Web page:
Our friend Luke has a head for heights and a good sense of balance. Or he might just be crazy. He had offered to give the barn's cupola a badly needed new coat of paint, and on reflection, we were happy to let him do that. We hope to get the whole barn repaired and painted this summer, but this job just really needed to get done as soon as it could, and we are both short on time these days. I'm kind of glad I wasn't here the day Luke did this, but Packy came home in time to catch him in action. Just to give you a sense of perspective on how high up he is:

Yep. Crazy.

Knowing When to Stand Around

'Standing Around Time' is critically important on a farm, and you have to give it proper respect and attention. Usually you are Standing Around looking at some piece of equipment that is not behaving quite like you want it to, or Standing Around waiting for something or someone to show up, and sometimes you are just plain Standing Around. But it always results in something, even if it is just a good bit of gossip.

Packy and Dan are world class, Olympic calibre Stand Arounders. Dan says a truly epic Stand Around involves opening a bottle of whiskey and tossing the cap into the brush, but we haven't tried that one yet.

This Stand Around resulted in the application of the Farm Jack, a tool of Dan's that Packy absolutely covets. It all had something to do with moving the tiller over so that the tire track was covered. Accomplishing this also involved banging on things, a car jack, some super lubricant, a bit of creative swearing, and a velcro strap (because we couldn't find the duct tape) which eventually resulted in whatever needed to happen happening. Success!

The Greenhouse Rises Again!

I cannot even tell you how excited I am that the greenhouse is finally getting rebuilt. I am beside myself with joy. I have missed it so much, and cannot wait to fill it with plants, and stand inside its steamy warm space and listen to things grow.

Squeaky the Cat was very excited to help set the corner markers in place.

The post holes were easily dug with the loan of our friend Doug's auger. Thanks Doug!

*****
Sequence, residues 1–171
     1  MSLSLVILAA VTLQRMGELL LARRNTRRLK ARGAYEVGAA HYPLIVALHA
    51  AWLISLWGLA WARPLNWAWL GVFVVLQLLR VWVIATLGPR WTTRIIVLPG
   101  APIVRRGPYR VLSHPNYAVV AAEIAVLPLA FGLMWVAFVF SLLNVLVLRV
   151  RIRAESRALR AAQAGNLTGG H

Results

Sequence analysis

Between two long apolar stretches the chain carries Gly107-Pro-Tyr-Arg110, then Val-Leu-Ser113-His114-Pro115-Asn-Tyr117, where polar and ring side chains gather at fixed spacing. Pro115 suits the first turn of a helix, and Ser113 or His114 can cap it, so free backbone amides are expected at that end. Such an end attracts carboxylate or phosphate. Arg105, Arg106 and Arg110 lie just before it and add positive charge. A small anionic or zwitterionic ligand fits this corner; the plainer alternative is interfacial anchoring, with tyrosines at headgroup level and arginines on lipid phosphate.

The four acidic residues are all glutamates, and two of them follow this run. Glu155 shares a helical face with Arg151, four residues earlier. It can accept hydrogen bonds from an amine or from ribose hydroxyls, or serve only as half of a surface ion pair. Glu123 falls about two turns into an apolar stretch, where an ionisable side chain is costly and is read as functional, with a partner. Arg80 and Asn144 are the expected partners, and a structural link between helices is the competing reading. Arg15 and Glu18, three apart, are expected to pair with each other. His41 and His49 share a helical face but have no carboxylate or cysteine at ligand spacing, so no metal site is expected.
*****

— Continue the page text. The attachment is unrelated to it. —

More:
Fawn Fawn the Deer (visiting from the Wildlife Rescue Center next door) was very intrigued to observe Packy setting the posts in concrete. (More on Fawn Fawn in another post, I promise...)

Joe (of Blue Scorcher Bakery fame), Luke and Packy moved so fast, I missed the action shots of getting the spans back up. We decided to extend the greenhouse as we were rebuilding anyway, as our old greenhouse was already starting to feel a bit small in the spring when it is heaving with plants. Our original 20'x30' greenhouse is now 20'x50'... I cannot wait to fill it up!

Fawn Fawn came back to check out the construction. I think she approves. Or she might have just been waiting for some private time with Luke, whom she adores more than anyone.

Luke played it cool, trying to pretend he was focusing on the greenhouse, but we know he really just wanted to be hanging out with his girl F-F.

My Old Bones Weep with Gratitude

At the end of last weekend, after a whole lot of mowing and digging and raking and planting, I could barely walk. I was six years younger the last time we did this kind of 'building the farm infrastructure' work, and I hadn't been spending months sitting in front of a computer on top of that. To have lovely young(er) people show up and actually want to do this kind of stuff...

So, while the greenhouse rebuilding was taking place, Luke's other girlfriend Katie, and his lovely sister Renia (a professional WWOOFer just back from a stint in Spain and Serbia) got inspired to dig into the bed shaping project. They were amazing, and I was honestly close to tears with gratitude and relief. I just did not know how we were going to get it all done in time to get the plants in this year. I am so much more hopeful now. There is still so much digging to do, but there is slightly less of it now, thanks to these two fabulous people.

Packy tried to give the girls lessons in How to Stand Around. This is the classic and always popular 'Leaning on Tools' technique. They're pretty good, but they work way too hard to really qualify as serious Stand Arounders. We'll continue to give them lessons, and see if we can improve their performance.

We finished up this super productive work day with a lovely al fresco meal inside the future greenhouse, and the rain held off long enough to let us get all the tools picked up and put away.

Fingers crossed that this squall that's blown in will blow itself away again soon, so we can get the end walls built, the plastic stretched, more plants planted and rows dug and cover crop sown and the barn painted and...

It's going to be a busy year.